“The State’s provision of Traveller accommodation has drawn widespread international condemnation including from the UN, the Fundamental Rights Agency of the EU and the Council of Europe. The last 12 months alone have been marked by regular and disturbing reports and testimony on Traveller accommodation, and the Commission’s own legal casework has shown the appalling conditions in which many Traveller families are forced to live. 

“The Commission through these equality reviews requested Councils to examine and equality-proof their system for the provision of culturally appropriate Traveller-specific accommodation, and to examine what the barriers are to the drawdown of State funding and how they can be removed.

“Equality reviews allow us to seek specific answers on issues such as local authorities’ underspend, but equality law can also help bring about practical solutions. The Commission has made recommendations, specific to Council’s individual equality review, on how they can use an equality based approach to improve service delivery.”


For further information, please contact:

Brian Dawson, IHREC Communications Manager,

01 8589601 / 087 0697095

Follow us on twitter @_IHREC

Notes to editor:

Read the Commission’s accounts of the Local Authority Equality Reviews on Provision of Traveller-Specific Accommodation.

Equality Reviews

Section 32 of the Irish Human Rights and Equality 2014 Act gives the Commission statutory powers in relation to the carrying out of equality reviews and the preparation of Equality Action Plans. An equality review or equality action plan may relate to equality of opportunity generally, or a particular aspect of discrimination, within an organisation or organisations (public or private sector). They are requested to carry out equality reviews and the focus of the reviews are a matter within the discretion of the Commission, having regard to its areas of focused work and its strategic priorities.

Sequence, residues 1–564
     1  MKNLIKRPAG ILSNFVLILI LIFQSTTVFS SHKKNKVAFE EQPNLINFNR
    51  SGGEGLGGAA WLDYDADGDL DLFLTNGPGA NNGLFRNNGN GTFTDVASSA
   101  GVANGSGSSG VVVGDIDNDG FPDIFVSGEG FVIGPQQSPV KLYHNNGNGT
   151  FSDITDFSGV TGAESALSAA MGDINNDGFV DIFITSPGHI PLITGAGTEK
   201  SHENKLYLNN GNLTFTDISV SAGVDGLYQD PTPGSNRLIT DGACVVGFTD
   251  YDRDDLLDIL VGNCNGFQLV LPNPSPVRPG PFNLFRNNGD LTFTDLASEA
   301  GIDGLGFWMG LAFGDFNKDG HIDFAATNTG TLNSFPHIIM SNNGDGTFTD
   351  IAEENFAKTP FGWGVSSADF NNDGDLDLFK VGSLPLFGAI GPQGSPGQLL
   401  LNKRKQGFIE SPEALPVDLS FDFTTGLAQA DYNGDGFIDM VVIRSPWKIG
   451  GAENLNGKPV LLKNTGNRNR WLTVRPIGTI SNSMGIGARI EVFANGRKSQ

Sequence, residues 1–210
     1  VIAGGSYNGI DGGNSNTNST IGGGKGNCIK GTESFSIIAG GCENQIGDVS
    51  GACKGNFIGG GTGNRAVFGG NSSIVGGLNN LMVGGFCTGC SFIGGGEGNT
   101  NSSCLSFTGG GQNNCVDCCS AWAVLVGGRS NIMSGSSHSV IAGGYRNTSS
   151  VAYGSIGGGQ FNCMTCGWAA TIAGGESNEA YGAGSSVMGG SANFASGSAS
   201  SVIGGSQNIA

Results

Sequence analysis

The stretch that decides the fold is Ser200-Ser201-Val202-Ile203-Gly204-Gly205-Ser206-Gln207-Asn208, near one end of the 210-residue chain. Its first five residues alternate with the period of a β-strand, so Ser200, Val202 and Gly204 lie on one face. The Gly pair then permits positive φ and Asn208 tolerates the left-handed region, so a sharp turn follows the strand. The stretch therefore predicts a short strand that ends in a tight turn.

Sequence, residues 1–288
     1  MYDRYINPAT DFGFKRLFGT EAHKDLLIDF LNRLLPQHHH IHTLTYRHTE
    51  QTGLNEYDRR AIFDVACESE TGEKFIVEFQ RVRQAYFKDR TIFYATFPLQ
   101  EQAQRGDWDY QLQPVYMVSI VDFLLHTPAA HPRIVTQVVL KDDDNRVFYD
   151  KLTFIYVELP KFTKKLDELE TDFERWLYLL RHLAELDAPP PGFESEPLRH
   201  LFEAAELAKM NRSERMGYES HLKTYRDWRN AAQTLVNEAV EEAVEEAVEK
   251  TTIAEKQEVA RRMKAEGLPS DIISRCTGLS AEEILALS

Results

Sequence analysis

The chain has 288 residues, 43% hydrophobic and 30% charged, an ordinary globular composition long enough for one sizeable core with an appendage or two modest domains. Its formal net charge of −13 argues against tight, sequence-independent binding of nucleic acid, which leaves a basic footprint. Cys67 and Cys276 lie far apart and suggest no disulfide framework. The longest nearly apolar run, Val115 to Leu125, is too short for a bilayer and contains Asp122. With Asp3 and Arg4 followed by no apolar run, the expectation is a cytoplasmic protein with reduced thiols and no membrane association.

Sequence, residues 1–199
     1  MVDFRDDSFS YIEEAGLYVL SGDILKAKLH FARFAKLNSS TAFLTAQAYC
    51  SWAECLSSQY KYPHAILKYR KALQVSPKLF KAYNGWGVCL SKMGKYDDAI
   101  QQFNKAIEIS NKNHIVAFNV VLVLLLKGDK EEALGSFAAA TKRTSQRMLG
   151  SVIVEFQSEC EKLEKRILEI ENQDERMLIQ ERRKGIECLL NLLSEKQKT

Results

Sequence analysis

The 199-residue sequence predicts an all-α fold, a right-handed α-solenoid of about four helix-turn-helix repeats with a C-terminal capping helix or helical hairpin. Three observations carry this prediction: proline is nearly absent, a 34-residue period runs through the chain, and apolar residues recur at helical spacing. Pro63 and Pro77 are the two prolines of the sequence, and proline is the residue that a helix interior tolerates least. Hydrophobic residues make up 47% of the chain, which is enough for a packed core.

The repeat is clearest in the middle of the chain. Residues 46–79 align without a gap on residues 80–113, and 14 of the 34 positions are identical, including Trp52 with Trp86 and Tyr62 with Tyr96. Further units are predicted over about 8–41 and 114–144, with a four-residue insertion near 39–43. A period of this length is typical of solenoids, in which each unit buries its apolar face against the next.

In non-legal terms equality reviews are a means for an organisation (here a local authority) to benchmark, or audit, its practices (here the delivery of Traveller-specific accommodation) against its obligations under equality law in order to assess whether the organisation, as a service provider, is fulfilling its statutory obligations to ensure equality of opportunity, or an absence of discrimination.

The local authority equality review accounts comprise of three sections, namely:

  1. Key areas of interest – which is a synopsis of the equality review undertaken and the information provided by the local authority;
  2. Issues arising – which comprises the Commission’s analysis of the equality review; and
  3. Recommendations – proposed recommendations from the Commission to local authorities having regard to their individual responses.

Irish Human Rights and Equality Commission

The Irish Human Rights and Equality Commission is an independent public body, appointed by the President and directly accountable to the Oireachtas. The Commission has a statutory remit set out under the Irish Human Rights and Equality Commission Act (2014) to protect and promote human rights and equality in Ireland, and build a culture of respect for human rights, equality and intercultural understanding in the State.

The Irish Human Rights and Equality Commission is Ireland’s national human rights institution and is recognised as such by the United Nations. The Commission is also Ireland’s national equality body for the purpose of a range of EU anti-discrimination measures.